It’s an understatement to say that Amanda LaGrange runs an unorthodox organization.
It was this policy that first drew LaGrange to Repowered, which was previously known as Tech Dump. The nonprofit hires people from all backgrounds, including those who were formerly incarcerated, in addition to offering work readiness training to help these people transition back to everyday life.
“The reality is that there needs to be societal change to say that we are all defined by our futures,” LaGrange told The Cool Down. “Too often, societally, we continue to define people by their biggest mistake, worst day, or worst decision, rather than the potential benefits they have to bring to the community.”
Too often, societally, we continue to define people by their biggest mistake, worst day, or worst decision, rather than the potential benefits they have to bring to the community.
LaGrange took over as the company’s CEO in 2015, and in the years since, she’s seen Repowered transform how it thinks about what it calls “fair chance” employment.
The organization has moved beyond simply offering jobs and training — it’s now more focused on setting its workers up for future success as well. This means ensuring that employees have the skills, resources, and know-how to get promoted and increase their earnings.
Repowered has rightfully gained fame and recognition for its approach to employment. But LaGrange has mixed feelings about that. She once even wrote a blog post about how she wished the organization would stop winning awards.
LaGrange appreciates all the recognition, but by now, she needs other employers to follow suit.
“I, every day, hope that we aren’t going to be special forever,” she said. “At this point in 2022, we shouldn’t be an exception.”
In recent years, LaGrange has put significant energy into helping other organizations follow Repowered’s example. Repowered, which had 71 employees as of 2021, can only do so much.
According to the Bureau of Justice Statistics, around one-third of people released from prison in 2010 could not find any employment during the four years after their release. What’s worse — it’s estimated that even today, only about 40% of those people are employed at any given time.
Even before she worked full-time at Repowered, LaGrange realized it wasn’t just employment that inspired her. An early turning point came at an e-waste recycling event, when she witnessed firsthand how the organization could help protect our planet.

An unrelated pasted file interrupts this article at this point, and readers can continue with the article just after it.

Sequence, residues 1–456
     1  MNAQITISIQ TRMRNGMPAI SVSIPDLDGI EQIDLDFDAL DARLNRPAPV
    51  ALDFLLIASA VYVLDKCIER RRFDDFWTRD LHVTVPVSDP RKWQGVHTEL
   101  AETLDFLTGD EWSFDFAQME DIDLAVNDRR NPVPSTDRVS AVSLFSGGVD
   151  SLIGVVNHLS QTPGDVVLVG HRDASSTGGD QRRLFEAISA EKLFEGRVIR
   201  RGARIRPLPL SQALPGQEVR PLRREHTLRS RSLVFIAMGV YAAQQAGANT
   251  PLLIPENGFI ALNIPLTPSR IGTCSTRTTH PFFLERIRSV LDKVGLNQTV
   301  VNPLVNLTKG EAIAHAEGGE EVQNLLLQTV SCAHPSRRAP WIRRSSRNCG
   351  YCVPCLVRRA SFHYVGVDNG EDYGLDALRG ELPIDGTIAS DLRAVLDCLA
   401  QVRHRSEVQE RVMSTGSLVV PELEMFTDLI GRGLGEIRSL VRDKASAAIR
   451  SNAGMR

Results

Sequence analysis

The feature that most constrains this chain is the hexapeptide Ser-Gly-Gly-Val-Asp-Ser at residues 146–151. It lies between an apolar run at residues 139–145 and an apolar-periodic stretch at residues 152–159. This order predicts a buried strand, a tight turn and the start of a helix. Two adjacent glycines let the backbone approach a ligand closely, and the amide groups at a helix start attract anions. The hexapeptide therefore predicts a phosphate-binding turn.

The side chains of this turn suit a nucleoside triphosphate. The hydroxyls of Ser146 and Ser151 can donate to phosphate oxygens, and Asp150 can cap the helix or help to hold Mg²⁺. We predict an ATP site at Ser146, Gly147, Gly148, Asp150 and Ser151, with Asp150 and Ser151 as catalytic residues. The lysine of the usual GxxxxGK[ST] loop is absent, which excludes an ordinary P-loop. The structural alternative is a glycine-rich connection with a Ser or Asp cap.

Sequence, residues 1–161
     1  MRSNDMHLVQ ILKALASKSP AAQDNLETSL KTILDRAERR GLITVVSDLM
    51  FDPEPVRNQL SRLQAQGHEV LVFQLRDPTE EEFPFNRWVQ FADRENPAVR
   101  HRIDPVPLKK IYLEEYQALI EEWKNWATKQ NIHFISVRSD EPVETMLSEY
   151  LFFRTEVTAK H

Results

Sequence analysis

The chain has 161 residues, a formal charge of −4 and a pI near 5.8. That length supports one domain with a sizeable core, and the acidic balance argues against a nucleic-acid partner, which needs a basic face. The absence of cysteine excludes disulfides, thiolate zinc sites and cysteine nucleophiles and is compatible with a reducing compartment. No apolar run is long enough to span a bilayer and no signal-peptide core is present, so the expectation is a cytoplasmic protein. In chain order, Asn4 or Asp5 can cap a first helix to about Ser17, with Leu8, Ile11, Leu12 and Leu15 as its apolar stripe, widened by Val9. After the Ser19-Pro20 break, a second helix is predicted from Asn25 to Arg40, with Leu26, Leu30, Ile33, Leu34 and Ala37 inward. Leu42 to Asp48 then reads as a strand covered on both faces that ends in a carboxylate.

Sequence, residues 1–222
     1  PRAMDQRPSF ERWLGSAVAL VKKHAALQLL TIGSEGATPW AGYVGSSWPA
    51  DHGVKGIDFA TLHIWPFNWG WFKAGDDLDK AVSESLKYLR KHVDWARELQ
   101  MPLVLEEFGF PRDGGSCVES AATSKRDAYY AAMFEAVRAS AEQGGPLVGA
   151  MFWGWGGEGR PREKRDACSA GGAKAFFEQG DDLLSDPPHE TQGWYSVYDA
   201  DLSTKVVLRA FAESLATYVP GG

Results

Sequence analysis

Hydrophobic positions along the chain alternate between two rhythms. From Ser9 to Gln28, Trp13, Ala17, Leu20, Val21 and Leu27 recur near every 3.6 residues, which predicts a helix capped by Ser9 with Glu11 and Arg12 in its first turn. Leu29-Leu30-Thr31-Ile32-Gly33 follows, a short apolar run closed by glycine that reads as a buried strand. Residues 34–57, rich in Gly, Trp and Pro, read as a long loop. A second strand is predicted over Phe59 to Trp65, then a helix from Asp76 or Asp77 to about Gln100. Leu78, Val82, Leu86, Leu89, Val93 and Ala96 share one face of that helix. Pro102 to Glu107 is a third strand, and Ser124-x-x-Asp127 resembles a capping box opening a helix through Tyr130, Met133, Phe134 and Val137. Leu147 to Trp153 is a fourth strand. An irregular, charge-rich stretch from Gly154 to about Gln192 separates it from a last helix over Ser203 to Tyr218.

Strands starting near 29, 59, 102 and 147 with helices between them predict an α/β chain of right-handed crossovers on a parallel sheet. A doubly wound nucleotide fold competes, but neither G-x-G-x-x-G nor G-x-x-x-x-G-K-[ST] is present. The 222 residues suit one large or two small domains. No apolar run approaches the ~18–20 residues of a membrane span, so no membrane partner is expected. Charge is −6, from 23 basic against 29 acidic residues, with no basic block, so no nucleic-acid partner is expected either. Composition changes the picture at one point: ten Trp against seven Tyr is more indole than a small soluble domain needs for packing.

“During that two-day collection event, I think we collected around 10,000 pounds of electronics,” LaGrange told The Cool Down. “It was when we said, ‘okay, we must be onto something.’”
When our phones, computers, tablets, and smart devices go to landfills, they break down and release toxic chemicals into the groundwater and atmosphere. This includes carbon pollution that contributes to our planet’s rapidly increasing temperatures.
Over time, this waste also becomes dangerous to landfill workers. The devices can expose workers to high levels of poisonous containments, including mercury and arsenic.
Repowered has now recycled almost 40 million pounds of e-waste, but the problem is getting worse. LaGrange pointed to the last two years as a major change in our technology consumption habits.
“What we saw during the pandemic was perhaps a one-computer family soon became a one-computer-per-human family, because everybody was educating from home, connecting from home, entertaining from home,” she said.
Then there’s the ever-increasing connection between computers and our daily lives. As LaGrange notes, the Internet of Things has turned everyday items into technology that is now much harder to dispose of.
“[My niece] had this one specific stuffed animal that synced to her iPad, and would talk to her and read her stories,” LaGrange said. “Well, that stuffed animal is electronic waste. That little tiny bear cannot just be thrown away — it literally has to be recycled through electronics recycling.”
So how can we reduce our technological footprint? LaGrange suggests people start by asking whether they really need that new iPhone, tablet, or computer, considering the impact it will have. And if the answer is “yes,” then see if it’s possible to buy that thing used.
LaGrange also encourages people to avoid feeling shame about their old electronics — what she calls the “pile of denial.” Instead of letting those old iPhones sit in a box, she suggests turning them in immediately. This will help ensure that it gets new use once it’s recycled.
“[It’s about] recycling earlier, to make sure it has that next life — even if it’s not with you,” LaGrange said.
This psychological shift, LaGrange says, is how people can ultimately make a difference. From there, it’s just about finding your local recycling facility — the Environmental Protection Agency has a guide — or asking retailers if they offer cash for old electronics.
“Very few people wake up in the morning, excited to recycle their electronics each day,” LaGrange said. “But if we can societally say that this is something important that we do, and we don’t just have a drawer full of phones, we’ll start to really move the dial.”